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HealthInfo Canterbury

Treating a broken forearm in adults

Broken arm slingThe way your broken forearm will be treated depends on many different factors, including:

You may need surgery to put the broken bone back into the right place and hold it there until it heals if:

Less complex breaks that are stable (the bones don't move around) usually don't need surgery, but will need a cast to hold them in the right place while they heal.

Sometimes a break seems to be stable and is put in a cast, but as the swelling goes down the broken bones move apart and need surgery to put them back in place. For this reason, you will have regular X-rays while your arm is in a cast, to make sure the bones stay in the right place while they are healing.

Things you can do to help your healing

There are several things you can do yourself to help your forearm heal, whether or not you are having surgery.

If you are not having surgery

Your hand and arm will be put into a cast to hold the bones in place and stop them from moving. The cast will probably start near your knuckles and go halfway up your upper arm with your arm bent at 90 deg. This helps to keep your forearm bones in the right place while they are healing.

You will wear the cast for six weeks, but can probably start doing some gentle hand exercises after three weeks.

You will still have to take special care of your forearm once the cast comes off. The same exercises that help with a broken hand or wrist will help with your broken forearm.

Surgery for a broken forearm

If you need surgery for your broken forearm it will be done by an orthopaedic (bone) surgeon.

Exactly what surgery you have will depend on what type of break you have. Your surgeon will talk to you about what it involves, the risks, benefits, and how you are likely to recover.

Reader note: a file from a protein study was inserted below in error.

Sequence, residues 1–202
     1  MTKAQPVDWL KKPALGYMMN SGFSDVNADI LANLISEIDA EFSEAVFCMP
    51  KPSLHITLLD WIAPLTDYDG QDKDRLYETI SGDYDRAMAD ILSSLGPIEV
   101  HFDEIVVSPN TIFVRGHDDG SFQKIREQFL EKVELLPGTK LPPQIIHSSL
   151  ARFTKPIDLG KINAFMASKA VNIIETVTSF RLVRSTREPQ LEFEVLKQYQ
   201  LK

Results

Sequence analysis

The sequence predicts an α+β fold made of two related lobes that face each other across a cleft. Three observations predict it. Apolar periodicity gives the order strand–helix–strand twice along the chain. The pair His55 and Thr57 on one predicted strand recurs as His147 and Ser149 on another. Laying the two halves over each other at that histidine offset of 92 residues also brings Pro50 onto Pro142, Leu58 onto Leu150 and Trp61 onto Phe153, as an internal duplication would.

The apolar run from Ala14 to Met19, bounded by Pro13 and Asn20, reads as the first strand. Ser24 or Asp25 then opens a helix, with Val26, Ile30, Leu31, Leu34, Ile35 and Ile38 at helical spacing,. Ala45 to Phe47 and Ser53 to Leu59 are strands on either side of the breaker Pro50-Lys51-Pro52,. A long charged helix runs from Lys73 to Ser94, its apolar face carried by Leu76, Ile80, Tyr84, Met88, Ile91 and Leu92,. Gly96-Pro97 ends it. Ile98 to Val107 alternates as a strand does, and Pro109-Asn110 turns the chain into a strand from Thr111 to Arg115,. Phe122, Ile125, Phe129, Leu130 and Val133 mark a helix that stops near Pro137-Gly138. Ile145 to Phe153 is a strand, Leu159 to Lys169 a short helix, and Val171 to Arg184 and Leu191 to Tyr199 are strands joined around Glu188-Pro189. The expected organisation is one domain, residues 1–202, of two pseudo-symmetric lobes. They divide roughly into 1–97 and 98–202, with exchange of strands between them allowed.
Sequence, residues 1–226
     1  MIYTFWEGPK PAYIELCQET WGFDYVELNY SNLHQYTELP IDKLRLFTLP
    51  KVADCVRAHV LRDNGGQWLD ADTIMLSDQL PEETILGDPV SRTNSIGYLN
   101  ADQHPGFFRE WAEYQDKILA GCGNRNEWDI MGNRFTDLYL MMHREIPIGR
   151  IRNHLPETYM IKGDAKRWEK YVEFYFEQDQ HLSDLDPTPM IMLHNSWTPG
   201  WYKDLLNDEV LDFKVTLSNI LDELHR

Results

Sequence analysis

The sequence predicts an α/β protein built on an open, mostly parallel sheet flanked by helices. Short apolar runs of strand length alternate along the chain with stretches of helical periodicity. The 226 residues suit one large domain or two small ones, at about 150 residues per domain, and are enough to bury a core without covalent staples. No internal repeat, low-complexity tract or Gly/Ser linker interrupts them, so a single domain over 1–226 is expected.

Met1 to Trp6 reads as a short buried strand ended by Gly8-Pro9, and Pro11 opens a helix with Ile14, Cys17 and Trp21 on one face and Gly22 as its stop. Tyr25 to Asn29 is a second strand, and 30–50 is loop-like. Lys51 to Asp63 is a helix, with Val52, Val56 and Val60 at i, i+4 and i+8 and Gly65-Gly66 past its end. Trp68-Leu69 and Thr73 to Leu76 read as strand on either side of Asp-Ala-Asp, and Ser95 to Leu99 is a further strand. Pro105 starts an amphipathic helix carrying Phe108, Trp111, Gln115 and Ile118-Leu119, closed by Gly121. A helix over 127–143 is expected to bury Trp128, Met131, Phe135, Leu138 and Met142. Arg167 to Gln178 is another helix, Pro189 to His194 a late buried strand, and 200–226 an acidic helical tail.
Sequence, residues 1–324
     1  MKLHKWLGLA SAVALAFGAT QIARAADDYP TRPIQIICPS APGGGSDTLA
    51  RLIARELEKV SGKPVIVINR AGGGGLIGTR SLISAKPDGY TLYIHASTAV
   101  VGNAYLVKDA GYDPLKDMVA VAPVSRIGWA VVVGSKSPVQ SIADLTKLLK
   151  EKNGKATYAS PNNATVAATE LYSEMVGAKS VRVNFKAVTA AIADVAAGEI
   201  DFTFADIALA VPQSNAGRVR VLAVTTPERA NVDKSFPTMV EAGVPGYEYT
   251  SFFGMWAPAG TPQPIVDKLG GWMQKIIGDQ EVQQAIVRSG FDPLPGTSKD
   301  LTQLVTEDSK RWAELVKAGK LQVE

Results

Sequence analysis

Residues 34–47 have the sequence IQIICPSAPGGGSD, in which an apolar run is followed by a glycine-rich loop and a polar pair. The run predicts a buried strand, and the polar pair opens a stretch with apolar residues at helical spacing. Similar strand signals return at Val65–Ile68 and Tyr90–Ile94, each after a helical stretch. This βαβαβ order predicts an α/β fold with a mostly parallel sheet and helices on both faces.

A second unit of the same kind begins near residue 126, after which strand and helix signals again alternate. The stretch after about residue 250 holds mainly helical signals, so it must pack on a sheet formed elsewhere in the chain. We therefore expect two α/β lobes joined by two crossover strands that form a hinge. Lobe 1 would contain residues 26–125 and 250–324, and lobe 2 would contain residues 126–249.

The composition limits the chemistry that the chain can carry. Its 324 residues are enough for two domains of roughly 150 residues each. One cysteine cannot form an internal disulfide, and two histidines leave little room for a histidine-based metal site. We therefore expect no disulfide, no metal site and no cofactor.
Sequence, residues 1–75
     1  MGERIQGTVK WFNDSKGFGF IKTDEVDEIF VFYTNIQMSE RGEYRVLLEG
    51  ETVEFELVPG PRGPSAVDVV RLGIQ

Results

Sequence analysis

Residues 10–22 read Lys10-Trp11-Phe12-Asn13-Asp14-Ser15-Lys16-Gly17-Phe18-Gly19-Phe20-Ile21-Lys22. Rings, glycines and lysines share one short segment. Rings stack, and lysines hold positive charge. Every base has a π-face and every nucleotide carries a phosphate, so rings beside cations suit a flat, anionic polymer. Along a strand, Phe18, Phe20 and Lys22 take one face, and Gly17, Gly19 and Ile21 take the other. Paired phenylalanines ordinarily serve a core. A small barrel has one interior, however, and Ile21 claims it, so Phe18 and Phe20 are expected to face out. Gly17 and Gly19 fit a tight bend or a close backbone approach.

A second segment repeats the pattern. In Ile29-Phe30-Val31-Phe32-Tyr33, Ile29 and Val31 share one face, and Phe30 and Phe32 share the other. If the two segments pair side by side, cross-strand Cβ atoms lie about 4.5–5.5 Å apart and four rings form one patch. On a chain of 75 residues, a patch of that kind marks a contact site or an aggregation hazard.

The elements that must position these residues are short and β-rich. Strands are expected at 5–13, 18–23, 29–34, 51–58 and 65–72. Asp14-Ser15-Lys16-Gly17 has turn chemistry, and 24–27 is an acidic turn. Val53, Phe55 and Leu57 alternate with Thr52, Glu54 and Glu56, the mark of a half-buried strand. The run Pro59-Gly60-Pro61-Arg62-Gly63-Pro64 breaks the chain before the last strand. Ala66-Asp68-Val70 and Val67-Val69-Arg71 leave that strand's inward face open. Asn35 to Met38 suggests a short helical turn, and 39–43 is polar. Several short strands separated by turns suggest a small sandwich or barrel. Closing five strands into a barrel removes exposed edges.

Your surgery will involve some metal (usually a plate and screws, and occasionally wires) to line up your bones properly and support them while they heal.

Sometimes a forearm bone is so badly crushed that it leaves a gap when it is put back into place. If this happens to you, you may also need a bone graft, which will usually be done during your surgery. If you need a graft, the bone will most likely be taken from your radius (forearm), or occasionally it may be taken from your hip. If it's taken from your radius, it will be on the same side as your injury, but it will be a very small amount and the bone will heal while your arm is in the cast.

You will probably spend one to two nights in hospital, and your arm will be in a splint for up to six weeks.

Going home

Before you leave hospital a physiotherapist and occupational therapist will assess what help you may need at home and arrange it for you. You can also talk to a social worker about any worries you may have about going home.

When you leave hospital you will be given a follow-up appointment, a discharge letter and a prescription or medication card if you need one.

If you have any concerns after you go home, please see your GP.

Recovery after surgery

You will need at least two weeks off work after surgery. Exactly how much time you will need depends on which bone was broken, whether the break was in the arm you use most (your dominant hand), what your job involves, and whether there are any light duties you can do.

For example, if you are an office worker you may need just 10 to 14 days off work. But if you are a manual worker you may need 10 or more weeks.

As you recover you'll have regular appointments with your surgeon, and some X-rays to make sure your forearm is healing well. You may also need some physiotherapy to strengthen your hand and get it moving again.

Wires usually need to be removed once you have healed. Exactly when that will happen depends on how bad your break was, and how quickly your bones heal.

For two to three months after surgery you will not be able to lift or carry anything with the injured arm. You should also avoid sport or any other activity that may make your injury worse. Your surgeon will let you know when it's safe to start doing these things again.

If you have wires that are poking out from the end of your forearm it's important to protect them from becoming caught on clothing, or anything else. You could pull the wires out this way, which would be painful – and you might need repeat surgery to put them back in. This can sometimes mean you don't heal as well as possible and your arm will never work as well as it could.

Written by HealthInfo clinical advisers. Endorsed by orthopaedic surgeon, Canterbury DHB. July 2017.

See also:

ACC help after an injury

Living with an injury

Page reference: 391316

Review key: HISHI-13267